24
Jan

The Doctrine of the Devils!

   Posted by: Caleb Motupalli   in Christian Life, Theology

Charles Stanley says on Eternal Security: “You Can Be Sure” (Part 2, Tape #4, RH190):

“When you are born again by the grace of Almighty God,…It doesn’t make any difference how wicked and how vile you act.”

Charles Stanley in his audio tape #3, MH190:

“You can sin like the devil down here and… you won’t lose your salvation.”

Here’s his position in his own words:

Covered by Grace: Free to Sin?
By Charles F. Stanley

The gospel of God’s grace–His full provision for man’s sin–is frequently perverted and attacked by nonbelievers. Most false religions deny the free gift of salvation and embrace good works instead.

Another attack on the doctrine of grace comes from within the body of Christ. Some caution that such good news can lead to a lifestyle of sin. They think grace leads people to say, “I am saved no matter what, so why does it matter how I live?”

The apostle Paul anticipates this when he asks, “What shall we say then? Are we to continue in sin so that grace may increase?” (Rom. 6:1).

The answer is no. Paul responds to the question in the very next verse: “May it never be! How shall we who died to sin still live in it?” (Rom. 6:2). The implication is that it is unthinkable for a Christian to be comfortable continuing in sin. Sin does not stay dormant. It grows. It enslaves. For those in Christ, sin cannot destroy relationship with God, but it will surely damage their testimony and fellowship with Him.

In Romans 6:1, the prefix of the Greek word translated “increase” means super. So the verse really says, “As sin comes, grace comes in a greater way.” In other words, sin may overflow a bit, but grace is like a flood–it is always more than enough, no matter how great the transgression. Sin reached the top of Mt. Sinai, but grace reaches to heavens.

But we do not have license to sin. Abundant grace spurs us to obedience.

(Source: StudyLight Forums)

If you read Romans 6:2 more closely however, you will notice that Paul was not saying here that grace will be so great that it will snuff out any sin, as Dr. Stanley sees it. Rather, Paul sees this (repeated sinning) as an abuse of grace and is startled at the very thought of it. He sees such willful sin as something that must be “rejected with the greatest abhorrence” (Matthew Henry). We must respond to such temptation of Satan like how Jesus responded. “Go Satan!” said Jesus (Matthew 4:10). The reason being: Abused grace/mercy will beget the greatest wrath.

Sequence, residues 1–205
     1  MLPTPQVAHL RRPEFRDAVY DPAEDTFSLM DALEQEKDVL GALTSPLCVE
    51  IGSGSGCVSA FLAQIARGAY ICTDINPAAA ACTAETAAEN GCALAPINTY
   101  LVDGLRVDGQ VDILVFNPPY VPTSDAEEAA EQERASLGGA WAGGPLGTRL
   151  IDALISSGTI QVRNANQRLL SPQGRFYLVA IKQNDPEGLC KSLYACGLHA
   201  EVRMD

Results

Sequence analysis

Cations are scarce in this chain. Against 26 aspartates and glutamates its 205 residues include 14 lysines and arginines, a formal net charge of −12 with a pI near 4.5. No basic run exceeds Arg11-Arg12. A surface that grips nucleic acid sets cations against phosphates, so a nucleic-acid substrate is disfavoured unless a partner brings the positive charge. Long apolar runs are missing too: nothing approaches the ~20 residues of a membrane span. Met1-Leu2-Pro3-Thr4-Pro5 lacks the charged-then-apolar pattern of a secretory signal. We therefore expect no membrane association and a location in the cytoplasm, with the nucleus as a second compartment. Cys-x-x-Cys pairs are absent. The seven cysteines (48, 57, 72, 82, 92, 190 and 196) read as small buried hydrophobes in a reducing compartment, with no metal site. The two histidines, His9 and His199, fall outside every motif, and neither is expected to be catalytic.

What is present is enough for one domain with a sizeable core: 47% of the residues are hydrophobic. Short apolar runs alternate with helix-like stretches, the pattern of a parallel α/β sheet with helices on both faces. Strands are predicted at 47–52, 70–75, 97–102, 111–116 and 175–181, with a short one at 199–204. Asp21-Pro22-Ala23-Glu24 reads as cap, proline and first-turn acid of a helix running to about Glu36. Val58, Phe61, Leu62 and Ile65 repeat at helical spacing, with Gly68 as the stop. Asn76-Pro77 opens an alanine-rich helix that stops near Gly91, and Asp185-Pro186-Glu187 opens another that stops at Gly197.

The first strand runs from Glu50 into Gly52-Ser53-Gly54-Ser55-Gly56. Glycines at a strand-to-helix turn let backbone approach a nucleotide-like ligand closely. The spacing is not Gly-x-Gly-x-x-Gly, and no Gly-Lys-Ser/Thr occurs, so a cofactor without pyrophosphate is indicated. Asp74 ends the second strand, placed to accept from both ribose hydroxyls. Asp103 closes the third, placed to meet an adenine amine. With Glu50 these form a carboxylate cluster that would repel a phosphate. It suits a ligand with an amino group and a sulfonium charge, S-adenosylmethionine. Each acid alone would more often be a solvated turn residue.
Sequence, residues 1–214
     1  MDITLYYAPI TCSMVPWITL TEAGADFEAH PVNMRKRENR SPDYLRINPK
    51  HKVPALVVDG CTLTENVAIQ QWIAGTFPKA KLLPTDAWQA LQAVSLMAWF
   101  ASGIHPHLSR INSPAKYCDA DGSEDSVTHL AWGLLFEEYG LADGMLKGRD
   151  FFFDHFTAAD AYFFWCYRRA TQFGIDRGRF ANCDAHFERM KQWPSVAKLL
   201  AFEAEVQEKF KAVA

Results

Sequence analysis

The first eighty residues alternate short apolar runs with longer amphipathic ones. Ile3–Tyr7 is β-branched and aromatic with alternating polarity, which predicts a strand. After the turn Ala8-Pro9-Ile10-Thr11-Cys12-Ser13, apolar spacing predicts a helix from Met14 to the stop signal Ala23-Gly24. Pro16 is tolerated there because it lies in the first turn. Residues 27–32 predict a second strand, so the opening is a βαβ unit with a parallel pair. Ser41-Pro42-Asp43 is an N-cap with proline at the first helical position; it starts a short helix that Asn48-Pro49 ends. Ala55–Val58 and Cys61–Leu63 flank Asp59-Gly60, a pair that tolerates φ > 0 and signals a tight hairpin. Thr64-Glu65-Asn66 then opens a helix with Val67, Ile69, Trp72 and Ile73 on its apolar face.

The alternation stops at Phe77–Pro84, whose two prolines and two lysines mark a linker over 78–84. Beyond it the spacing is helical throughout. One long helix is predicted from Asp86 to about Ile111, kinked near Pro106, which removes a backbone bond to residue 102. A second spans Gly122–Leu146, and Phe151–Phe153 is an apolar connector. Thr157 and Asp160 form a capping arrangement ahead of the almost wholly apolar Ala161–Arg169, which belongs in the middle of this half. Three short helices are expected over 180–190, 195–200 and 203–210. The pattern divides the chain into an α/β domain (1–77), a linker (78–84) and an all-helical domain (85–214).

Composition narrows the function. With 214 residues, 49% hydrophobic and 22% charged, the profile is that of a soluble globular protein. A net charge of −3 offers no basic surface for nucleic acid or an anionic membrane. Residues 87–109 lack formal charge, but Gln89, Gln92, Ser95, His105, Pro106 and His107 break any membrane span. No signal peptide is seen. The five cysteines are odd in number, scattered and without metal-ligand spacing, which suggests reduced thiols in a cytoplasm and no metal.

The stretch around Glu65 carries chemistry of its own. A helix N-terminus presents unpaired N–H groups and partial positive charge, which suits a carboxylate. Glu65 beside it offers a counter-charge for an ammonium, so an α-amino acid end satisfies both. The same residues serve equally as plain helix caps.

Of course for some, abundant grace spurs them to obedience and encourages them to be more careful hereafter. If man is asked to forgive 490 times then God will forgive us even more number of times. But there is a catch here. As God keeps forgiving us, if we begin to take his grace and discipline “lightly” or despise prophetic utterances or counsel, then that is the end of us. Our conscience begins to get “seared as with a hot iron” (1 Timothy 4:2) and we will no longer hear the promptings of the Holy Spirit. We will not only grieve (Ephesians 4:30) the Holy Spirit but also quench Him (1 Thessalonians 5:19). And it is written, “if anyone does not have the Spirit of Christ, he does not belong to Him” (Romans 8:9). They may have a name that they are alive, but they are dead (Revelation 3:1).

So those of you who are singing the Devil’s lullaby: “Thou shalt surely not die.” Stop it right now! Heel!

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